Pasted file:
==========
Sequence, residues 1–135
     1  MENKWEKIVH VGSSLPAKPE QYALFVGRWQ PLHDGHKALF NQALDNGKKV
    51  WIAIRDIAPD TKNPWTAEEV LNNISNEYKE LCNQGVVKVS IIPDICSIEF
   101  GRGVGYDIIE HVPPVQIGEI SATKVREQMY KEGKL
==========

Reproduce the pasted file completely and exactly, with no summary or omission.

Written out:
Sequence, residues 1–135
     1  MENKWEKIVH VGSSLPAKPE QYALFVGRWQ PLHDGHKALF NQALDNGKKV
    51  WIAIRDIAPD TKNPWTAEEV LNNISNEYKE LCNQGVVKVS IIPDICSIEF
   101  GRGVGYDIIE HVPPVQIGEI SATKVREQMY KEGKL